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Test creates GPS network to spot traffic jams

Marc Perton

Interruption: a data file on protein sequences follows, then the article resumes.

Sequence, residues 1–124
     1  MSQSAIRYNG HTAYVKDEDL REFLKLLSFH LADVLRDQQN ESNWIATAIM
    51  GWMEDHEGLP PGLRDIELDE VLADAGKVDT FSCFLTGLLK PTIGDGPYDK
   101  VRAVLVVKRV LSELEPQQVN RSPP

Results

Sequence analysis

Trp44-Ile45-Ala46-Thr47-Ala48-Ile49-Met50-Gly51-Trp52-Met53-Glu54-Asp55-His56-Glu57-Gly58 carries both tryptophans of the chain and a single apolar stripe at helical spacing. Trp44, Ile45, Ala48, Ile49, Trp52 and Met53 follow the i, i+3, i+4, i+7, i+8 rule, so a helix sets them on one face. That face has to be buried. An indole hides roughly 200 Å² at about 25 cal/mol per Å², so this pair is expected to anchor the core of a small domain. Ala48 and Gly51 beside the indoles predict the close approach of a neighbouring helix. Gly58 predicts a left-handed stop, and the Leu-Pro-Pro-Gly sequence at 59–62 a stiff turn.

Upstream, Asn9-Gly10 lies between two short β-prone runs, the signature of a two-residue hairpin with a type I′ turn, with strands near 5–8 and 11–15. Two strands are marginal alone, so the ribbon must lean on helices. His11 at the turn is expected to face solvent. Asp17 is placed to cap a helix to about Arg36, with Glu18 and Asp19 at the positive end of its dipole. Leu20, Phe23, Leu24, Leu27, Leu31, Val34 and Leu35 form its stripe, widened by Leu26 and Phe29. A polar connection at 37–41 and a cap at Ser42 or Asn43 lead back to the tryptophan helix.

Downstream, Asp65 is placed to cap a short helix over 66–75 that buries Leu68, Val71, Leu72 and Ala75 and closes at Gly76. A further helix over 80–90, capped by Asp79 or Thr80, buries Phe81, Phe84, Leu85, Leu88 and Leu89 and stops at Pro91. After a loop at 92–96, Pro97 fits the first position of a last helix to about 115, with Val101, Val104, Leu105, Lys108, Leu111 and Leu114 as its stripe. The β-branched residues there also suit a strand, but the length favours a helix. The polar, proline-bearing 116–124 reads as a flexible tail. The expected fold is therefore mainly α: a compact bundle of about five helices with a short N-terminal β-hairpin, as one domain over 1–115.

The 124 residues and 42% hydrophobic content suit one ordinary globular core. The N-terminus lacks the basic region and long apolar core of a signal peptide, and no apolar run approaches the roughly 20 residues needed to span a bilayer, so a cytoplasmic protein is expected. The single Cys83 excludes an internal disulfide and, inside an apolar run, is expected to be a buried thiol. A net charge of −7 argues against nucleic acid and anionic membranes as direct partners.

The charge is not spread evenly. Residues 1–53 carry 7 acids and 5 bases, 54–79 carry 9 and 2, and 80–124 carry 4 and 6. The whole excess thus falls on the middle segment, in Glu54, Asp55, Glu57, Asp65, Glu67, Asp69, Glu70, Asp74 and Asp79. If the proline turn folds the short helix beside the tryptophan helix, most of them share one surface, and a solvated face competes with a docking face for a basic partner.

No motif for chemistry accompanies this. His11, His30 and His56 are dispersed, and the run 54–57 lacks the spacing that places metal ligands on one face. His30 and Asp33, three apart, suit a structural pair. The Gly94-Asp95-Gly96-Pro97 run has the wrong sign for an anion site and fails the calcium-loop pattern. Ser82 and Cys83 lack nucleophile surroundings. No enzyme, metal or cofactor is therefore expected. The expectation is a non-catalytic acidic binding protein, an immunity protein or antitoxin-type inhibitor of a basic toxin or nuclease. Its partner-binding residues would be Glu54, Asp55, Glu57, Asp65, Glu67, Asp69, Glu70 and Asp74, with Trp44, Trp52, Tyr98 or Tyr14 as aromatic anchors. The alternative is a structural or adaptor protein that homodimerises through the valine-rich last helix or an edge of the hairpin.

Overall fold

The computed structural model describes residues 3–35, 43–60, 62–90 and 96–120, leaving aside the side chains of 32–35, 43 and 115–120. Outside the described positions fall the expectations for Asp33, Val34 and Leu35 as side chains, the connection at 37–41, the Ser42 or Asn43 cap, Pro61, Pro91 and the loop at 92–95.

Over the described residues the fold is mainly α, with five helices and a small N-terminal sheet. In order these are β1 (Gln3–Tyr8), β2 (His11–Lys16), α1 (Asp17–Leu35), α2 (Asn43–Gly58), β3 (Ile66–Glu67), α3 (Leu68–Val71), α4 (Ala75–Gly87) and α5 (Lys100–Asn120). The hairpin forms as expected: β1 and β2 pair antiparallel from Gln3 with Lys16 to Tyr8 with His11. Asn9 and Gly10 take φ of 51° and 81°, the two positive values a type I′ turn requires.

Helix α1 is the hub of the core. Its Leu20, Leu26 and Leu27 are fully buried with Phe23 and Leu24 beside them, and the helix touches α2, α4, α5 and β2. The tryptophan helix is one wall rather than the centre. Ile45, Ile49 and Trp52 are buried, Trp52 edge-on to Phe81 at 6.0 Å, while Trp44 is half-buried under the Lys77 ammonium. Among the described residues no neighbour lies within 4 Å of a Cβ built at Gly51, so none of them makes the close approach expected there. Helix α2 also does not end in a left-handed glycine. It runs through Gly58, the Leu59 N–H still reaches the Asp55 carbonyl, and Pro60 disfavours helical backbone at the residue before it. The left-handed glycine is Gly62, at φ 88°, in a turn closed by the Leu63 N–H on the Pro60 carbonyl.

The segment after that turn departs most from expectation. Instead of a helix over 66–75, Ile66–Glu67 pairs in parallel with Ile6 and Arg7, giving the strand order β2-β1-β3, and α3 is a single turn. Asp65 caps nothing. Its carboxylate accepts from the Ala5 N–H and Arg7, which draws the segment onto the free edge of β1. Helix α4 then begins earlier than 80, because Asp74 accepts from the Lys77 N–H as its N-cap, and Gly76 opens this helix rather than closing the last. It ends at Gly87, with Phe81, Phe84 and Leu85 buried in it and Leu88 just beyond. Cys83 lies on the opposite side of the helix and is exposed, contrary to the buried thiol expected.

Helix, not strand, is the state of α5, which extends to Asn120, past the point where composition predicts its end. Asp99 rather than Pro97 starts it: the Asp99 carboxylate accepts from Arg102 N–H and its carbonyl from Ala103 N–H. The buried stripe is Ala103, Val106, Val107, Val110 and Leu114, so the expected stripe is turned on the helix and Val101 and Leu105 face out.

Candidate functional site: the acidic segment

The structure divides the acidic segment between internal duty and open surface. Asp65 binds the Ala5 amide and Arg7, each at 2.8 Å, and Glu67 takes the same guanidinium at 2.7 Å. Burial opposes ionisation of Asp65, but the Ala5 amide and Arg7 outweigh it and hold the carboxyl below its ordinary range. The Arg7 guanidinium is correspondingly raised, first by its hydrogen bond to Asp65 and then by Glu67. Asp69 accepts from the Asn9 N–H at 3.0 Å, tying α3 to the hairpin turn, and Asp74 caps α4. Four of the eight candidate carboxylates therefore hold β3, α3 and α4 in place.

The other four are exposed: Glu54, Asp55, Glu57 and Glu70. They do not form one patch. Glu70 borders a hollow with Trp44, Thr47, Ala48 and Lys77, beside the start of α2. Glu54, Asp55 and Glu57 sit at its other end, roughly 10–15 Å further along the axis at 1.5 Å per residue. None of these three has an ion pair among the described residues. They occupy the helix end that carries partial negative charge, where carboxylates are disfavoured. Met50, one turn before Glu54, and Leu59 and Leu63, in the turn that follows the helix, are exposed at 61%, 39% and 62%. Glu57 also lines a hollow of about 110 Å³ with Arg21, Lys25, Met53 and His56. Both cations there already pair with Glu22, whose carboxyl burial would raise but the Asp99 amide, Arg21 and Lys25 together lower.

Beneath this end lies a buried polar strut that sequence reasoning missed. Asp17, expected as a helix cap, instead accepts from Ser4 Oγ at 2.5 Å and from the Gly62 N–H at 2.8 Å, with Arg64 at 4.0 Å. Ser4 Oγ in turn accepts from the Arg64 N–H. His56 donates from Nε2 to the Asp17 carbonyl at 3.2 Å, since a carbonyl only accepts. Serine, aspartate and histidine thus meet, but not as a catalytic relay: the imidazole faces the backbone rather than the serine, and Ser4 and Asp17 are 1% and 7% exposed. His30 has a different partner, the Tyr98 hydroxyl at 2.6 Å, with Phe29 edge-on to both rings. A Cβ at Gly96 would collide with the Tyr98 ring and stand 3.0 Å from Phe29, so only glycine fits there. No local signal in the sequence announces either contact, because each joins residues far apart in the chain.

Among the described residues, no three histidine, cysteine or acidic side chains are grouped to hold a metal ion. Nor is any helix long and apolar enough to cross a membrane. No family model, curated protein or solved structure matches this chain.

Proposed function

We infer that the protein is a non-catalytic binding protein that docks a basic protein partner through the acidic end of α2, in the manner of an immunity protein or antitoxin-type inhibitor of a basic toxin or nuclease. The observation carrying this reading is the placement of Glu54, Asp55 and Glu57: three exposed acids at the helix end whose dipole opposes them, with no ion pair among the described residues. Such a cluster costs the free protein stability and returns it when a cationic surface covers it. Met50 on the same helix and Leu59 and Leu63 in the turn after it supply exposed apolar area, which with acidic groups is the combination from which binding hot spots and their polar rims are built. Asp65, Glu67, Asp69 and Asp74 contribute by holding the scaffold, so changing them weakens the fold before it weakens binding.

We've seen a number of experiments that attempt to link drivers together, with goals like music sharing and social networking (which would really put the Mo in MoSoSo), but here's one that might actually be worth the effort: A $1.3 million study by New York's Rensselaer Polytechnic Institute (funded by federal and state highway officials) links GPS data from participating vehicles into a central database and spits back data on traffic patterns. A driver with the right equipment gets realtime warnings if he's about to enter a congested zone, and can then route around it. Sounds great, but we can't help but wonder: if everyone's connected, and they all follow the same prompts to avoid congestion, won't the traffic just hit them all when they adjust their route — and again, when they swerve to avoid the jam they've just created?

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